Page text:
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Denote the distance between two sets $A,B \in \Bbb R^n$ as $d(A,B).$ If $d(A,B) > 0$ show that $m^*(A \cup B) = m^*(A) + m^*(B)$.

The part $\le$ seems to come from subaddtivity of outer measure. That is $$m^*(A \cup B) \le m^*(A) + m^*(B).$$

Now if $\{I_k \}_k$ is a cover for $A$, then $m^*(A) \le \sum_{k=1}^\infty \ell(I_k)$ similarly if $\{J_k\}_k$ is a cover for $B$, then $m^*(B) \le \sum_{k=1}^\infty \ell(J_k)$.

Now if $\{S_k\}_k$ is a cover for $A\cup B$ then from the definition of infimum I have that $m^*(A \cup B) + \varepsilon\ge \sum_{k=1}^\infty \ell(S_k)$.

So what I have is that $$m^*(A) + m^*(B) \le \sum_{k=1}^\infty (\ell(I_k)+\ell(J_k))$$

and it seems that I would somehow need to connect this with $m^*(A \cup B) + \varepsilon\ge \sum_{k=1}^\infty \ell(S_k) $. Any hints on what should I do here?

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3 Answers 3

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An alternative approach: First show that if $O$ is open, then $O = \bigcup_{i = 1}^{\infty}Q_i$, where the $Q_i$ are dyadic cubes disjoint except for possibly their boundaries. Then show $m^*(O) = \sum_{i = 1}^{\infty}\ell(Q_i)$. Deduce that for any $S \subset \mathbb{R}^n$, $m^*(S) = \inf\{m^*(O) : O \text{ open }, O \supset S\}$. Also we easily see via the dyadic cube decomposition that if $O_1$ and $O_2$ are disjoint, then $m^*(O_1 \cup O_2) = m^*(O_1) + m^*(O_2)$.

Using the above, the proof that $m^*(A) + m^*(B) \leq m^*(A \cup B)$ is not difficult.

Let $O$ be an arbitrary open set containing $A \cup B$. Let $r = d(A, B) > 0$. Let $O_1 = O \cap \{x \in \mathbb{R}^n : d(x, A) < r/2\}$, $O_2 = O \cap \{x \in \mathbb{R}^n : d(x, B) < r/2\}$. Then \begin{align} m^*(A) + m^*(B) &\leq m^*(O_1) + m^*(O_2) \\ &= m^*(O_1 \cup O_2) \\ &\leq m^*(O). \end{align} Since $O$ was arbitrary, $m^*(A) + m^*(B) \leq m^*(A \cup B)$.

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Hint: fix $\varepsilon > 0$ and pick a cover $(S_k)$ of $A \cup B$ so that $$\sum_{k=1}^{\infty} \ell(S_k) < m^*(A \cup B) + \varepsilon.$$

Now prove that without loss of generality we can assume that $(S_k)$ consists of rectangles of diameter smaller than $d(A, B)$. Then partition the cover into two parts so that the first one will cover $A$ and the second will cover $B$.

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  • $\begingroup$ So if $S_k = \bigcup_{j} I_j$, then for each $I_j$, we have that $\ell(I_j) \le d(A,B)?$ $\endgroup$
    – Georgi
    Commented Sep 19, 2021 at 19:14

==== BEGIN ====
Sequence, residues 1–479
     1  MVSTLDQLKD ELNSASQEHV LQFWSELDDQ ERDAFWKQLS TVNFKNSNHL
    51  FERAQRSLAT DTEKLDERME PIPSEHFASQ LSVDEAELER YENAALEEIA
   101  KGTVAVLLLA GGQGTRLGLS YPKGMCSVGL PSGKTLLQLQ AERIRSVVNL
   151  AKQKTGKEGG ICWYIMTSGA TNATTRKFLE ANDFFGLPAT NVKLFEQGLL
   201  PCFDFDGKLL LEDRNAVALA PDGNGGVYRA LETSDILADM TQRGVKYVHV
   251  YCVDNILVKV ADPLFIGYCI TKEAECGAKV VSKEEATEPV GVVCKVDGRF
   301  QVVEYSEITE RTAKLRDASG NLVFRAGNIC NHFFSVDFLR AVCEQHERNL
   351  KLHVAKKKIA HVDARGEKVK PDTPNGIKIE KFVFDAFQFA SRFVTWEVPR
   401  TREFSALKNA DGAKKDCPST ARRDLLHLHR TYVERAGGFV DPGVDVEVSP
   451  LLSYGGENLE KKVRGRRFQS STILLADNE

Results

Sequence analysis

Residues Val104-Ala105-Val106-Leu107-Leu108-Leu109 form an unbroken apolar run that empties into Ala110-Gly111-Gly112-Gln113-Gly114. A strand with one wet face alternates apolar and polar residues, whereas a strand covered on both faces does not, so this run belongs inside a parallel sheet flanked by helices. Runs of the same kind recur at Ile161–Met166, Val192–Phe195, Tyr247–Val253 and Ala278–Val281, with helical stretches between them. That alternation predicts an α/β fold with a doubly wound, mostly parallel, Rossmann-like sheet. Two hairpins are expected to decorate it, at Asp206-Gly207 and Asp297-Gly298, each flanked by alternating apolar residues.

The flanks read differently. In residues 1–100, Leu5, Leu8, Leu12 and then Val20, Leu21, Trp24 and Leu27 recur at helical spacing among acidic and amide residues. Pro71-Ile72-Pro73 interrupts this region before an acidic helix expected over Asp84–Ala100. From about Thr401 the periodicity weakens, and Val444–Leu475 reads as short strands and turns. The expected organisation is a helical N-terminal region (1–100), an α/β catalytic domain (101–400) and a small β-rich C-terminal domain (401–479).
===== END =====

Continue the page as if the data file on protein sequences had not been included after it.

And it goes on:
• $\begingroup$ If you're asking whether the implication you wrote is always true, then of course it is not always true. Otherwise I don't know what you're asking. $\endgroup$
    – Adayah
    Commented Sep 20, 2021 at 10:29
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Call a cover $\{I_k\}$ of $A$ an $\epsilon$-box cover if all boxes have all dimensions $< \epsilon$, and where all boxes have a nonempty intersection with $A$.

Let's first acknowledge that for any $\epsilon > 0$, $m^*(A)$ can be expressed as $\inf \sum\limits_{k = 1}^\infty \ell(I_k)$, where the infimum is taken specifically over $\epsilon$-box covers $\{I_k\}$.

We can do this because given a box $I$ with the largest dimension being $J \geq \epsilon$, we can pick $n > \frac{J}{\epsilon}$ and subdivide the box into $n$ boxes with that dimension being $\frac{J}{n} < \epsilon$. We can then throw away any boxes that do not intersect $A$ from the cover to get a possibly smaller cover.

Now let $\epsilon = \frac{d(A, B)}{2n}$. Consider some $\epsilon$ box cover $\{I_k\}$ of $A \cup B$. Then note that for no box $I_j$ does $I_j$ intersect both $A$ and $B$, since for any two points $a, b \in I_j$, $d(a, b)^2 \leq n (\frac{d(A, B)}{2n})^2 = \frac{d(A, B)}{4n} < d(A, B)$. So we can divide the $\epsilon$ box cover $\{I_k\}$ of $A \cup B$ into an $\epsilon$-box cover of $A$, plus an $\epsilon$-box cover for $B$, since for all $j$, exactly one of $I_j \cap A \neq \emptyset$ and $I_j \cap B \neq \emptyset$ is true.

Conversely, if we have an $\epsilon$-box cover of $A$ and an $\epsilon$-box cover of $B$, we can put them together to get an $\epsilon$-box cover of $A \cup B$.

Therefore, $m^*(A \cup B) = m^*(A) + m^*(B)$.

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